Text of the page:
4. Don’t cross your arms at events
Even if you’re cold, bored, tired or just don’t want to be there, don’t cross your arms. It makes you seem defensive, nervous, judgemental, close-minded or sceptical. It’s a simple, subconscious, nonverbal cue that says, “Stay away.” People see crossed arms, and they drift away. They don’t want to bother you. You’re not approachable.
Think about it. Would you want to approach someone like that? Probably not. So when you feel that urge to fold your arms across your chest like a shield, stop. Be conscious of its effect. Then relax and do something else with your arms and hands.
5. Give options for communication
Your friends, colleagues, customers and co-workers communicate with you in different ways. Some will choose face-to-face; some will email; others will call; still others will do a little of everything. Accommodate them all. Give people as many ways as you can to contact you. Make it easy and pleasant.
On your business cards, email signatures, websites and marketing materials, let people know they can get in touch with you in whatever manner they choose. Maybe you prefer email, but what matters most is the other person’s comfort and ability to communicate with you effectively. There’snothing more annoying to a phone person than to discover she can’t get hold ofyou unless she emails you.
6. Always have business cards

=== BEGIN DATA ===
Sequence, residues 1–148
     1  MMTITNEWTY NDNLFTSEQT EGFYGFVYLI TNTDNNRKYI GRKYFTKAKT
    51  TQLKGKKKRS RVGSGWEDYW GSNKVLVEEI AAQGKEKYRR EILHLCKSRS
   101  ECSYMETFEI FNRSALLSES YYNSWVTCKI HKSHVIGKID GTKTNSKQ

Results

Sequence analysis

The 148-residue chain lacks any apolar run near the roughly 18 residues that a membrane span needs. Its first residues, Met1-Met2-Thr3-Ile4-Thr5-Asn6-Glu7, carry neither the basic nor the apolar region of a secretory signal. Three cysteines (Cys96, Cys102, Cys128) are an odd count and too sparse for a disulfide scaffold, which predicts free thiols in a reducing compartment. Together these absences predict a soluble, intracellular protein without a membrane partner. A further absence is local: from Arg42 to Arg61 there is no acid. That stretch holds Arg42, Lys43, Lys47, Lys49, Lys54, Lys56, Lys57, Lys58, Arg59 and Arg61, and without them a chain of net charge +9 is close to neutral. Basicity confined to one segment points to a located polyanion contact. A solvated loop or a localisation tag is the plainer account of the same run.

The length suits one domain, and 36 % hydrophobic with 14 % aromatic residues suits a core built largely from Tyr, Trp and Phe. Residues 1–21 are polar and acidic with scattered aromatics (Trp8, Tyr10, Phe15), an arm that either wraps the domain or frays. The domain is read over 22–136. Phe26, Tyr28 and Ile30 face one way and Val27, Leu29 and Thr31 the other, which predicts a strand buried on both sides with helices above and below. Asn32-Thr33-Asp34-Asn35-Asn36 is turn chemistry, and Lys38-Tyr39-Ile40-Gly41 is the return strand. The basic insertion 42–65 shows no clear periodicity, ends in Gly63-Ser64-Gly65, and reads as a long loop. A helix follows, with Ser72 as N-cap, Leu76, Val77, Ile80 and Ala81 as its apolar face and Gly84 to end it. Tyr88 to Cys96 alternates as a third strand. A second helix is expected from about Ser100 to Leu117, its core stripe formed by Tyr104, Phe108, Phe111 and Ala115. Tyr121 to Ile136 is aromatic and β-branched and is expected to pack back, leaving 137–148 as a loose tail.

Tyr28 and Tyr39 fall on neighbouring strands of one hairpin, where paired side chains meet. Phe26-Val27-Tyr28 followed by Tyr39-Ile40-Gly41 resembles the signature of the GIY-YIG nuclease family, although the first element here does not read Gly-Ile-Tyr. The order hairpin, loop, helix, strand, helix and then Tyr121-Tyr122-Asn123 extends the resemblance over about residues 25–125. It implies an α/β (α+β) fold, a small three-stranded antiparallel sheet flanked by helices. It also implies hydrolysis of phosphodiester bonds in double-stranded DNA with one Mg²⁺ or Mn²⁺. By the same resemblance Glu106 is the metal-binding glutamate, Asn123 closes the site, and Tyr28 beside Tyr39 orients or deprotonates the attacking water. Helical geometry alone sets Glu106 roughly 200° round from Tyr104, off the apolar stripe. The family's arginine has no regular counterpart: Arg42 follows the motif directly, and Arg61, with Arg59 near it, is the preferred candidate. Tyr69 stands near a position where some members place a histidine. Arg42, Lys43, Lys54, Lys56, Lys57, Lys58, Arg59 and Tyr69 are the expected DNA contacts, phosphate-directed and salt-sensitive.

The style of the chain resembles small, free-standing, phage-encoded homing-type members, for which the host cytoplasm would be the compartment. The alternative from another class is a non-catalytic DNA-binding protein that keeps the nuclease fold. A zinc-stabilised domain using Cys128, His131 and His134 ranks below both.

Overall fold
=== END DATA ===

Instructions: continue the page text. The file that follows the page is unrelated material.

At one time or another you’ve probably been on either the telling or listening end of a story about a successful, serendipitous business encounter that ended with the phrase, “Thank goodness I had one of my business cards with me that day.” If you recall saying something like that yourself, great. You’re practising approachability by being easy to reach.
If not, you’ve no doubt missed out on valuable relationships and opportunities. And it happens. People forget cards, neglect to get their supply reprinted or change jobs. Always remember: There is a time and a place for networking – any time and any place. You just never know who you might meet.
7. Conquer your fear of rejection
Do you ever hear yourself saying, “They won’t say hello back to me. They won’t be interested in me. I will make a fool of myself”?
Fear is the number one reason why people don’t start conversations – fear of rejection, fear of inadequacy and fear of looking foolish. But practice will make this fear fade. The more you start conversations, the better you become at it. So be the first to introduce yourself, or simply to say hello. When you take an active rather than passive role, you develop your skills and lower your chances of rejection.
8. Wear your name tag
Your name tag is your best friend for several reasons. First of all, a person’s name is the single piece of personal information most often forgotten – and people are less likely to approach you if they don’t know (or have forgotten) your name. Second, it’s free advertising for you and your company. Third, name tags encourage people to be friendly and more approachable.
Ginsberg ‘s axiom about the CPI is particularly powerful in networking for your business. Consider the people you know best right now. Ifyou know them through work, they all share work with you as a CPI. If you know them through your soccer league, they share your interest in soccer. With that in mind, you could be attracting people who later – after you’ve built a relationship starting from this common ground – could help your business.